Over the last week or so there’s been a ton of buzz over Richard Branson’s unlimited time-off policy for the Virgin Group. Personally, I think this move is a great one and helps further acknowledge that these B.S. two-week vacations (if you’re lucky) should be a thing of the past. Hire adults and treat them like adults. Period, stop.
(Quick side note: I don’t want to brag, but Merrimack implemented this policy at the end of 2013… I don’t recall being interviewed by any media outlets though.)
So, in my effort to continue to stay ahead of the Richard Bransons of the world, I am here to to push this idea even further:
Paid time off… before you even start at your new company.
Let me break it down for you. Having a new employee stop work on Friday and start with your company on Monday is just a bad idea. But you’re an HR pro, and you don’t have to accept bad ideas. So, what can you do? You set a company policy that every new hire must take at least one week off after they leave their current position before they join your company. Since it’s not financially possible for everyone to take unpaid time off, pay them at least a nominal amount. And don’t ask or expect them to do a damn thing!
You’re probably thinking that the liberal Massachusetts air must be really getting to me these days. Why would in the world would I bust my a$$ to fill a job, have the person give a two-week notice and then tack another week on top of that? That’s crazy talk you say… maybe it is, but I see it as pretty simple.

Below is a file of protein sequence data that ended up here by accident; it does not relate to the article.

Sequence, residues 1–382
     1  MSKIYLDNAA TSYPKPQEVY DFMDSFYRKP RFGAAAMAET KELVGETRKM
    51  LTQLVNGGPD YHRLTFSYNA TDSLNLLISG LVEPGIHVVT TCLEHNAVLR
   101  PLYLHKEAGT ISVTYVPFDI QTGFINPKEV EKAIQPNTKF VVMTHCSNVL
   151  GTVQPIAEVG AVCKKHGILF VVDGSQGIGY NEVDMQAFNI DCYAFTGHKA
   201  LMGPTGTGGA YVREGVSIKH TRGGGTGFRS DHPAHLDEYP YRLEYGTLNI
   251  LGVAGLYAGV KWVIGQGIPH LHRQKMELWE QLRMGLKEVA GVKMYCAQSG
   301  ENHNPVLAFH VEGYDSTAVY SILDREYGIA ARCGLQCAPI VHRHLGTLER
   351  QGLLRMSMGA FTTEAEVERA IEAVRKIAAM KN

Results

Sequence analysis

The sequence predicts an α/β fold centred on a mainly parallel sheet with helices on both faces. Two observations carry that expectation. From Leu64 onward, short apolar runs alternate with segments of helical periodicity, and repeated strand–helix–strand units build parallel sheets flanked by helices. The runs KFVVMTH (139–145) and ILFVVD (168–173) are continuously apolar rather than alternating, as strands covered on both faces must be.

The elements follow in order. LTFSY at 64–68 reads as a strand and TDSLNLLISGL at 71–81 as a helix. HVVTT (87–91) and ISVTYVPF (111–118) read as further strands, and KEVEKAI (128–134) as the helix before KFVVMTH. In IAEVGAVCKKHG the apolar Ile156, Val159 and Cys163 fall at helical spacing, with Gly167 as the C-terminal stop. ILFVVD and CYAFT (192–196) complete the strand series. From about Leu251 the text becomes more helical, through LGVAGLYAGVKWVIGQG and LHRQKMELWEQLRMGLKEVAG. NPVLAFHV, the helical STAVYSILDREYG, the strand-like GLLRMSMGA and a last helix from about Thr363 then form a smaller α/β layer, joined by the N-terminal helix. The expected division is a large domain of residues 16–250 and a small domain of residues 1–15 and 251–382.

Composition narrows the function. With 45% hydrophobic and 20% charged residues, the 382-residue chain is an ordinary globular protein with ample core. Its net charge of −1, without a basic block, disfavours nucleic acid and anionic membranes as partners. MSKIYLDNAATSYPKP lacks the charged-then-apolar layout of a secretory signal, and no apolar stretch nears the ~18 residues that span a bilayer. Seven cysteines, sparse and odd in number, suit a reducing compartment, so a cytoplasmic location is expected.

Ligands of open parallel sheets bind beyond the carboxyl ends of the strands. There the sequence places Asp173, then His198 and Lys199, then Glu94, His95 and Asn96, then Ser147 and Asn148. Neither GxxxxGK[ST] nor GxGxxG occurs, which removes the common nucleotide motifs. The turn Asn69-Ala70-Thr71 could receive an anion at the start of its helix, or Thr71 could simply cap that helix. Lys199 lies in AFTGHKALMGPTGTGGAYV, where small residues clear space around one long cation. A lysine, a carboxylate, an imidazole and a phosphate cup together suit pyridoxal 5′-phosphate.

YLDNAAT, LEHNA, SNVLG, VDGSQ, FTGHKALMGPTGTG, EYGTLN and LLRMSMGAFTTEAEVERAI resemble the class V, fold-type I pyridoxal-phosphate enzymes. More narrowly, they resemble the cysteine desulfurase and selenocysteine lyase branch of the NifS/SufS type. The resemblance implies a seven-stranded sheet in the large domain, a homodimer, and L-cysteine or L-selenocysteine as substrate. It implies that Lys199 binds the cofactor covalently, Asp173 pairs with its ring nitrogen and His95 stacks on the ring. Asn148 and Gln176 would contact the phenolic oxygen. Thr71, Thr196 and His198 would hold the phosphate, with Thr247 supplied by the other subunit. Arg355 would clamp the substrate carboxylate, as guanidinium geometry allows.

You want someone joining your organization who’s relaxed, ready to learn about your company and is committed to exceeding your expectations. It’s been written about time and time again that many new hires mess up in predictable ways during their first few weeks on the job. They’re running around using the word “we” and trying to get a bunch of things done, except when they says “we,” they’re really talking about their last company, not yours. They’re probably so burnt out because they hardly took any vacation in the past year and just busted their a$$ to transition out of their old job—and the old job is still calling them to ask questions. In short, their head’s just not in the game.
So here’s your chance, HR Pro, to help your new hires get their heads in the game. And if you really want to hear some crazy talk, hire them a coach so they can really prep before they join!
Blogger Note: I just started a new job this week as Chief People Officer of the Broad Institute of MIT and Harvard, and the organization was fully supportive of me taking a short break between gigs (on my own dime). It was one of the best things I could have done and gave me time to relax, reflect and prepare. I’m your case study to see if this can really work!
Andy Porter is Chief People Officer at the Broad Institute of MIT and Harvard in Cambridge, MA which means he works with some wicked smaaht people. Some days, he indeed does wear short shorts around the office(call it a morale booster) but it really just makes people uncomfortable. Other days, he spits some mad game on cheese. No really – he’s somewhat of a cheese aficionado. But more importantly? At Broad he gets to his small part to help change the world of healthcare.